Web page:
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Understanding FDA Labeling Requirements For Food Products

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Product packaging not only serves as a means of attracting customers but also plays a critical role in protecting the product from damage, contamination, and spoilage.

In addition to providing a visual branding presence to consumers, packaging materials must be durable, resistant to moisture, and tamper-evident to ensure the safety and integrity of the product.

The packaging materials you use must also withstand varying temperatures, long storage periods, shipping, and other environmental factors.

This is particularly vital in the food and beverage industry but can also apply to other niches such as cosmetics and medical supplies.

In addition to product promotion, branding, and preservation, FDA labeling requirements also set forth specific guidelines for food packaging to provide consumers with detailed nutritional information about the food which must be taken into account in your packaging design.

Below, we take a closer look at what information must be listed on food packaging labels, and the specific formats to adhere to with your product packaging moving forward.

FDA Labeling Requirements Background

The Food and Drug Administration (FDA) is a federal agency responsible for ensuring that all food products sold in the United States are safe, wholesome, and appropriately labeled.

This applies not only to domestically produced food but also to imported products from foreign countries.

FDA logo

The FDA enforces several federal laws, including the Federal Food, Drug, and Cosmetic Act (FD&C Act) and the Fair Packaging and Labeling Act, which set the regulatory standards for food products under the agency's jurisdiction.

The FD&C Act mandates that food products be free of harmful contaminants and additives and labeled with accurate and truthful information about their ingredients, nutritional value, and potential allergens.


Also, the Fair Packaging and Labeling Act requires that all consumer products, including food, be accurately labeled with essential information such as the product name, net quantity, and manufacturer's information.

These regulations are crucial to safeguarding public health and ensuring consumers can access accurate information about their food.


Note that FDA labeling requirements are subject to frequent changes. It is the food industry's responsibility to stay up-to-date with the latest legal requirements for food labeling to avoid any potential violations. The Federal Register (FR) is the primary source for publishing new regulations announced before their effective date. Title 21 of the Code of Federal Regulations (CFR) is a compilation of all laws governing food labeling which is updated annually to reflect any new or modified requirements.


Labeling Areas

FDA labeling requirements reserve specific sections on food packaging to provide consumers with pertinent nutritional information in a consistent format and typography that is easily located as shoppers handle the packaging.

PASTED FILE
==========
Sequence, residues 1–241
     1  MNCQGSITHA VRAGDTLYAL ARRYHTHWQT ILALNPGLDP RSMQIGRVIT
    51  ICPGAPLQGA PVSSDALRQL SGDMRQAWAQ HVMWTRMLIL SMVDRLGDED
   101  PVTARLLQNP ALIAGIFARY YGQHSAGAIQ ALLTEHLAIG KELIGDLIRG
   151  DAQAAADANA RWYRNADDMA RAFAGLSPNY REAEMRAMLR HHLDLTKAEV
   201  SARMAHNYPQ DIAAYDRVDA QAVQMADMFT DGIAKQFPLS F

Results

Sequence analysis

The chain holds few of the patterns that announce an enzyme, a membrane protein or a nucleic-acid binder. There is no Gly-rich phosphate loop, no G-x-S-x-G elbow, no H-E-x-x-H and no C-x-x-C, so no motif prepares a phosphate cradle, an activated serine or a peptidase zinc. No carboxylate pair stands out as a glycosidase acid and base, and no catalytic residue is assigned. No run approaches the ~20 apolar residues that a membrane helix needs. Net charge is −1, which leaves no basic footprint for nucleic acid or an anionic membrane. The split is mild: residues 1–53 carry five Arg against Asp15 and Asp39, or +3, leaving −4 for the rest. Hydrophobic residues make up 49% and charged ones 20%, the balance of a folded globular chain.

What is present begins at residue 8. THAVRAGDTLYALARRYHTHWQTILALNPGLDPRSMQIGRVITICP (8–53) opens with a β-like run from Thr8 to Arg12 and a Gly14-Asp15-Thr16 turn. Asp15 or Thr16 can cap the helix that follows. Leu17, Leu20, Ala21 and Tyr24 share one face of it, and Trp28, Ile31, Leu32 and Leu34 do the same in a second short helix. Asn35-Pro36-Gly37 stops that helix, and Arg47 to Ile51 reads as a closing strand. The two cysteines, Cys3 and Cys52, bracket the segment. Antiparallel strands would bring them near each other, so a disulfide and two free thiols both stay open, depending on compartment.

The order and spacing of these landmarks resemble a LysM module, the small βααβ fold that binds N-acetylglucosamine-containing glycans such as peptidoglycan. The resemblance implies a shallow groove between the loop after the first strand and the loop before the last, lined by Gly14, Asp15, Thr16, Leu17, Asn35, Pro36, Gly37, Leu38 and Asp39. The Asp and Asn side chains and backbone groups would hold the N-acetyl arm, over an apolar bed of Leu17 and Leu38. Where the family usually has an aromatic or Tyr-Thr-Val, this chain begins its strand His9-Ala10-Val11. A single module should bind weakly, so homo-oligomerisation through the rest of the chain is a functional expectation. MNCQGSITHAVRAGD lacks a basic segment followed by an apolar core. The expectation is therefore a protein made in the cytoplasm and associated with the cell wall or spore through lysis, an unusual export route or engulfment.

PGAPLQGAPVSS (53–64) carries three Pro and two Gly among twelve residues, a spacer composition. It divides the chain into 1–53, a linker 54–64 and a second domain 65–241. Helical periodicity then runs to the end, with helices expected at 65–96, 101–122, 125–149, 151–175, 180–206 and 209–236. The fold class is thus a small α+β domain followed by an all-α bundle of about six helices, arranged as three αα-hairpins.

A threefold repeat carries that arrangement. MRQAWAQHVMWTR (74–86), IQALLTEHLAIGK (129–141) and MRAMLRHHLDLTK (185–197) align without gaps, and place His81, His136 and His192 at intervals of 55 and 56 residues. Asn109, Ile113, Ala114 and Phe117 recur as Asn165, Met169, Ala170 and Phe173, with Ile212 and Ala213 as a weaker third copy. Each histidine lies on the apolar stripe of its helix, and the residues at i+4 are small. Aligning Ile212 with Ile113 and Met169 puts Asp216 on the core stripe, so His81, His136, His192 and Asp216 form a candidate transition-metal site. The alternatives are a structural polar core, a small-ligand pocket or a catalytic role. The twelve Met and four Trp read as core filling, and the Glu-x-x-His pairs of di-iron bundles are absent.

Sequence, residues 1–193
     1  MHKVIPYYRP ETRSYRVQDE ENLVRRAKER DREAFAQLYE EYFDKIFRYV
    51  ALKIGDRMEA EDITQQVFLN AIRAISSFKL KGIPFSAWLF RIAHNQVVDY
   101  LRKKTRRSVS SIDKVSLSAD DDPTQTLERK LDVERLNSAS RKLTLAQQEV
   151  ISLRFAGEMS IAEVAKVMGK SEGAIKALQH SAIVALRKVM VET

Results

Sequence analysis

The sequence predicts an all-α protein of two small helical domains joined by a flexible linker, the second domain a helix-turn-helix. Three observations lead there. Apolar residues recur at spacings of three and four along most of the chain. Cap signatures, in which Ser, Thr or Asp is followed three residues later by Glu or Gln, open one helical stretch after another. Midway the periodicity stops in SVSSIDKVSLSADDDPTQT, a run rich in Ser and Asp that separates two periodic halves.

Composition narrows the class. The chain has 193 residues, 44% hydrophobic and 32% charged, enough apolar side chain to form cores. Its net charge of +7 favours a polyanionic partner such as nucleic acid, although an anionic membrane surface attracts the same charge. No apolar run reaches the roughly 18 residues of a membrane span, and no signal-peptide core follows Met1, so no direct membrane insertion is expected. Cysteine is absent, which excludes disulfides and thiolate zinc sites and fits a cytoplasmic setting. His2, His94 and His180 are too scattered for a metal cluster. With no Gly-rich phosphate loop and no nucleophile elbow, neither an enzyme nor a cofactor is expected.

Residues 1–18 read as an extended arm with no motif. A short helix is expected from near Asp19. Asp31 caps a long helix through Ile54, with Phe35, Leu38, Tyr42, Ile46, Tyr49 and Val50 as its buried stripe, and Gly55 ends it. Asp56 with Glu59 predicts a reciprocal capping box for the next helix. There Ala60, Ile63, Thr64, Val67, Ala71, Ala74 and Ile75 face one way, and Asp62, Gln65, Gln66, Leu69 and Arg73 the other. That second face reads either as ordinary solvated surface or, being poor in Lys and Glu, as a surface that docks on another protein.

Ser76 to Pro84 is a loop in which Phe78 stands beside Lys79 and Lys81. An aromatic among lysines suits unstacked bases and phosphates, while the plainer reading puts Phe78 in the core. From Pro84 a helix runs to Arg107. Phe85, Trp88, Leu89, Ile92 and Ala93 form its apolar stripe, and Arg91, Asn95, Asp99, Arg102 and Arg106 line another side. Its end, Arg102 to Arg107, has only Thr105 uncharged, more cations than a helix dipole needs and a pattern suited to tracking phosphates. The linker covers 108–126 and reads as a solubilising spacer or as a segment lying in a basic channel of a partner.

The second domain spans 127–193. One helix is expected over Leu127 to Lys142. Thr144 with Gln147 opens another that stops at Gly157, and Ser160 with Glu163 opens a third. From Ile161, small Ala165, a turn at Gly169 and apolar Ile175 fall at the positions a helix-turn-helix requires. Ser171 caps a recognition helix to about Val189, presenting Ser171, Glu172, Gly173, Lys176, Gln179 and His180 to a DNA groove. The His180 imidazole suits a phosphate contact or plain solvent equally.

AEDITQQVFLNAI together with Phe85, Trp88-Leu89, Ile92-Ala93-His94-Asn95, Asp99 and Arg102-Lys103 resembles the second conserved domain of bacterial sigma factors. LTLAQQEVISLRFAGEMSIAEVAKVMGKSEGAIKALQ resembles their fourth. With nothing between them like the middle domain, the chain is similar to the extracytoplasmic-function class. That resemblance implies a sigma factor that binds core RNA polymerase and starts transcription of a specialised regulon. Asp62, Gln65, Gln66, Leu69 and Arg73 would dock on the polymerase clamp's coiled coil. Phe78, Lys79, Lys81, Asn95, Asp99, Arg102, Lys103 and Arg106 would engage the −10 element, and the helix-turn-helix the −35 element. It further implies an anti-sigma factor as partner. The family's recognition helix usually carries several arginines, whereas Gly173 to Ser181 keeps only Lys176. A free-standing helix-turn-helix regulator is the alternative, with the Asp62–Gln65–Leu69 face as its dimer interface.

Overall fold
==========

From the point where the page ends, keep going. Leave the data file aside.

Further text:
PDP (Principal Display Panel)

The primary display panel (PDP) is part of the product packaging that is most visible to the buyer at the time of purchase.

Accurately determining the PDP area is crucial for complying with FDA regulations that require essential information, such as product name, net weight, and ingredients, to be displayed prominently on the packaging.


In the case of rectangular containers, such as microwavable meal boxes, the PDP area is determined by multiplying the height by the width of the panel.

For cylindrical containers, such as bottles or cans, the PDP area is typically calculated as 40 percent of the product of the height and circumference of the container.

FDA-PDA-Principal-Display-Panel copy

Information Panel

The information panel refers to the board located directly to the right of the PDP or the designated space for cylindrical packaging. The information panel provides consumers with critical information about the product and is essential to food packaging compliance.


This section must contain important information such as the ingredients, nutrition facts, allergen information, and other mandatory labeling information as required by FDA regulations.


Statement of Identity

The Statement of Identity provides consumers with essential information about the product. It includes the legal name of the food, such as "Jif," the common name of the food, such as "peanut butter," or a descriptive name of the food, such as "chunky or smooth peanut butter."


Proper placement and font size for the Statement of Identity are critical factors in ensuring that consumers can quickly and easily identify the product they want to purchase.

To comply with FDA labeling requirements, the Statement of Identity should be prominently displayed on the food packaging's primary display panel (PDP) as one of the main elements.

The font used to display the Statement of Identity should be at least half the size of the largest font used on the package.


Net Quantity

Net quantity refers to the amount of food contained within a package. It is presented as either weight, fluid measure, or the number of individual items.

Providing accurate and precise net quantity information ensures that consumers better understand the amount of food they are purchasing.

This is an essential aspect of food labeling and is required by the FDA to be displayed prominently on the packaging's information panel.